Much used are emails supposedly sent in the name of the CEO to the Finance Department, to transfer amounts. Proper procedures prevent less experienced colleagues complying with such requests. In addition, it is important to continuously raise awareness of the risks of phishing mails and spam.

An organisation can defend itself against this type of attacks, on the one hand by ensuring proper application of good procedures and controls and on the other hand by continuously alerting staff to the risks of email.

Malvertising: download Adblock!

Adverts on known, in themselves reliable websites, may contain viruses that auto activate. The attack is started as soon as the user visits the page, without even clicking on the advert. This practice is called malvertising and the websites’ owners and site managers have no idea! Sites of the New York Times, the London Stock Exchange and Spotify have all been the sources of malvertising.

A solution: install Adblock, e.g. AdBlockPlus (ABP), which is available for multiple browsers including Explorer and Chrome. automatically selects the browser you are using. AdblockPlus is open source and free-of-charge.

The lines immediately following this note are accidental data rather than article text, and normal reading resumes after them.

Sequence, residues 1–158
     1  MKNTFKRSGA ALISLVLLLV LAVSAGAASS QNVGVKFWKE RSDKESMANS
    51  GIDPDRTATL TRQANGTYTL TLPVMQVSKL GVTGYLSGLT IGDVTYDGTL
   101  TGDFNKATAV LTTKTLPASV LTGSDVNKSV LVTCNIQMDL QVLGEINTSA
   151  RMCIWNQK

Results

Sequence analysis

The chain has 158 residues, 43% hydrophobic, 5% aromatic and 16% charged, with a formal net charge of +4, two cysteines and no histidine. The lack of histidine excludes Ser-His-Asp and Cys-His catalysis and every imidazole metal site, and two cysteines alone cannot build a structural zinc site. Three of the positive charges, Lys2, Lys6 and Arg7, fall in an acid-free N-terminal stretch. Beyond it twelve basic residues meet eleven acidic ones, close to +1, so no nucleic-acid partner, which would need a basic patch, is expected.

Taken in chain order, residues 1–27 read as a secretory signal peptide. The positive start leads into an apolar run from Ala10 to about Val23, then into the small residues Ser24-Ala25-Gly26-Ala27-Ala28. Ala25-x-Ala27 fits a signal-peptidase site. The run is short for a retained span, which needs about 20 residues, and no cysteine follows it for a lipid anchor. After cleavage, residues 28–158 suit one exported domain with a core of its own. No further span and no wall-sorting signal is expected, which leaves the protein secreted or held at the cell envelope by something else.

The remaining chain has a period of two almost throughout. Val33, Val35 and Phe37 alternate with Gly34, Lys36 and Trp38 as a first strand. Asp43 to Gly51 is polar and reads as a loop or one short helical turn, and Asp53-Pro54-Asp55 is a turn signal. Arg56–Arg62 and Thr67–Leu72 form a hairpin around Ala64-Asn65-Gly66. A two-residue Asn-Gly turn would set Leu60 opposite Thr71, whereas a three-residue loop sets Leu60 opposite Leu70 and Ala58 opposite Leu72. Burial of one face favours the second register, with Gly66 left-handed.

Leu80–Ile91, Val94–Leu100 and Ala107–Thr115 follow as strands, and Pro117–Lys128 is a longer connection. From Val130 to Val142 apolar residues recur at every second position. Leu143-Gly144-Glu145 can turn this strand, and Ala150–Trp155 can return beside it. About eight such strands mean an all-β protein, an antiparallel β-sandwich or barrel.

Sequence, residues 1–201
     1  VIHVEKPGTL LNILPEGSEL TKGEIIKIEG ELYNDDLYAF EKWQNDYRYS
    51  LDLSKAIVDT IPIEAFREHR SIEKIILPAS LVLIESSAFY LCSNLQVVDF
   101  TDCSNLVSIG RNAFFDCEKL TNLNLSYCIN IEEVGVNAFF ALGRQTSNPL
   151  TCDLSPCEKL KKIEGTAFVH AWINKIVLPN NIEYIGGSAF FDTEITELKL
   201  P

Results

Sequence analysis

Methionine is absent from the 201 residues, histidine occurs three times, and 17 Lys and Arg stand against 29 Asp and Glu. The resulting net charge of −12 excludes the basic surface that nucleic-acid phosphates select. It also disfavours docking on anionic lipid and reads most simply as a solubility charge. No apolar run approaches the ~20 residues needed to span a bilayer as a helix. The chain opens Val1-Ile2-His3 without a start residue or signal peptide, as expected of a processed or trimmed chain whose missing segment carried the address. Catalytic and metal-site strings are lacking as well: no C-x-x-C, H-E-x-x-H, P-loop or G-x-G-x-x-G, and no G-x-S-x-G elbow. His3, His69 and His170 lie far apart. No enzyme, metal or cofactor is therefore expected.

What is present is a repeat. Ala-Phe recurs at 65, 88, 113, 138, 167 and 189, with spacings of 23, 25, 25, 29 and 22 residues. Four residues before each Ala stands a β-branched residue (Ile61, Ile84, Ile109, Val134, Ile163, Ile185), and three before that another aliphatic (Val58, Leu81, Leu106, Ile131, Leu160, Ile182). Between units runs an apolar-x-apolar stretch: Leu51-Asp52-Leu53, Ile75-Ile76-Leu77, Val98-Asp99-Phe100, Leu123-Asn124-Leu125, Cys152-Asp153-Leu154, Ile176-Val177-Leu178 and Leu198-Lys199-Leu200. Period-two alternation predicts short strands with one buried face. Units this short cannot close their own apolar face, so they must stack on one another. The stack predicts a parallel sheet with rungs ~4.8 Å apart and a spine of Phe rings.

Remark: though Adblock blocks much, it does not block all and hackers will find new ways. Adblock is just one of the security measures you can take (not just in your office environment but at home as well), but other forms of security software, including virus scanners, continue to be necessary!

Public Wi-Fi networks: dicey business

Mobile devices such as smartphones automatically try to connect with previously used and stored Wi-Fi networks. Hackers gladly take advantage of this behaviour. Using a simple device that can simulate those earlier used networks, your smartphone unwittingly connects with the device, instead of a real Wi-Fi network. You won’t notice a thing, because the hacker gives ‘his’ network a credible name, e.g. the name of the café where you’re enjoying your coffee.

This way the hacker gains access to all incoming and outgoing traffic of your mobile device. All internet traffic runs through the hacker’s device. The hacker can steal your identity, intercept your login details and potentially empty your bank account. The hacker may even find angles for blackmail, e.g. as a result of your browsing behaviour.

As to the use of internet when not at home, EHJ gives the following tips:

  • the easy solution would be: do not use public Wi-Fi, but use mobile data when you are en route. Suffice to say this costs paid MBs;
  • turn off Wi-Fi when not at home, so that your device does not try to automatically connect with ‘known networks’;